Multisystem Inflammatory Syndrome in Children (MIS-C) and What You Should Know

Every day, new information surfaces on the spread of the coronavirus. And while the U.S. Centers for Disease Control and Prevention advises that children may be at a lower risk for COVID-19, a new pediatric health condition associated with the coronavirus has begun to make an appearance.

Introducing Multisystem Inflammatory Syndrome in Children (MIS-C)

Multisystem inflammatory syndrome in children (MIS-C) can cause different parts of the body, such as the heart, lungs, kidneys, brain, skin, eyes or gastrointestinal organs, to become inflamed. And while considered rare and not contagious, MIS-C, also known as pediatric inflammatory multisystem syndrome (PIMS), can be serious and, in some cases, dangerous.

“At this time, the exact cause of MIS-C is not known,” said Kristina Gutierrez-Barela, MD, board-certified pediatrician with Lovelace Medical Group. “But in several cases, we are seeing that many with MIS-C have either had the coronavirus disease or been around someone infected with the virus, which makes it important for parents to understand its signs and symptoms.”

Signs and Symptoms of Multisystem Inflammatory Syndrome in Children (MIS-C)

While experts advise MIS-C shares similar characteristics to Kawasaki disease (a condition that causes swelling and redness in blood vessels) and toxic shock syndrome, it is a different condition.

Signs and symptoms include:

  • High fever (100.4 or higher that’s lasted for several days)
  • Rash
  • Swollen hands and feet, which may also be red
  • Conjunctivitis (red or pink eyes)
  • Enlarged lymph glands in the neck
  • Swelling and inflammation of the mouth, lips and throat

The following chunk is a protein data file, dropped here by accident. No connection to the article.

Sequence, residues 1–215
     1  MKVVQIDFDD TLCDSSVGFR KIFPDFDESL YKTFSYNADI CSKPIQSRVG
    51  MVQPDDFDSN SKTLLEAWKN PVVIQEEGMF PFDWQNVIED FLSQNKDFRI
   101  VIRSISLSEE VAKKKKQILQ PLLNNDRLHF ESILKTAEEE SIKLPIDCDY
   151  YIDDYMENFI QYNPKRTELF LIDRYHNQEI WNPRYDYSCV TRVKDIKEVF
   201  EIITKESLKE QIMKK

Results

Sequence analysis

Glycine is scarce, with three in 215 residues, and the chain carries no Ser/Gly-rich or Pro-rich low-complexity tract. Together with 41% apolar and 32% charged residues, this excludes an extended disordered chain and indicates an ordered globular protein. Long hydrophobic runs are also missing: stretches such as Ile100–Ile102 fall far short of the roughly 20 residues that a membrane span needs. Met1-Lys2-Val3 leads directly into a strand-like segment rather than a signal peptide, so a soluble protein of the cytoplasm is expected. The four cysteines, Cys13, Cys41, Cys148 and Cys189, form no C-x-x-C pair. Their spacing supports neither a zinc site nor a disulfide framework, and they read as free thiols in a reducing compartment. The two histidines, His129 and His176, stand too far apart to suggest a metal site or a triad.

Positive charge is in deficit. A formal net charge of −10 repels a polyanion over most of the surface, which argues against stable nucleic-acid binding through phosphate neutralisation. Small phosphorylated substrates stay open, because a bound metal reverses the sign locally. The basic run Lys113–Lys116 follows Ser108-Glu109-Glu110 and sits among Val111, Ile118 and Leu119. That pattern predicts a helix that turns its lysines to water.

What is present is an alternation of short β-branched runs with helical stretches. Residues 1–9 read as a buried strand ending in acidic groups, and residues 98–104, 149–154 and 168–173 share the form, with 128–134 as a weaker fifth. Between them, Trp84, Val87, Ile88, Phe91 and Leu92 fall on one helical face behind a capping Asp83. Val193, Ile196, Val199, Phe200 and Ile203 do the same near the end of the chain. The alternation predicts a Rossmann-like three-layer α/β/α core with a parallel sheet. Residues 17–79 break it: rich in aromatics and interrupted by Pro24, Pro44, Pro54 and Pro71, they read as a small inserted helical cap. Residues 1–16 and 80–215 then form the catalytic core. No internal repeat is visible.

• Red, cracked lips or red, bumpy tongue that looks like a strawberry
  • Diarrhea and vomiting
  • Abdominal (belly) pain without another explanation
  • Irritability or decreased activity
  • Difficulty feeding (infants) or too sick to drink fluids
  • Shock (in some cases as a result of the inflammatory response in the organs)

Gutierrez-Barela also advises that many cases of MIS-C have appeared to affect school-aged children, which differs from Kawasaki disease that primarily affects children under the age of 5.

Treatment of Multisystem Inflammatory Syndrome in Children (MIS-C)

To look for signs of MIS-C, your doctor may conduct a series of tests, including blood tests, a chest x-ray, heart ultrasound (echocardiogram) and abdominal ultrasound. If MIS-C is diagnosed, treatment may require a hospital stay and involve multimodal therapy with medications, such as steroids and immunoglobulin, to target the body’s immune system and inflammatory response. To protect the heart, kidneys and other organs, doctors may also provide additional medications, treatment and fluids to help with shock.

“Early signs do indicate that most children are able to recover with treatment,” said Gutierrez-Barela. “Therefore, if your child has any of the above symptoms and has either tested positive for COVID-19 or been around someone with coronavirus, it is important to seek medical advice.”

To set up an appointment with a Lovelace Medical Group pediatrician, call 727.2727.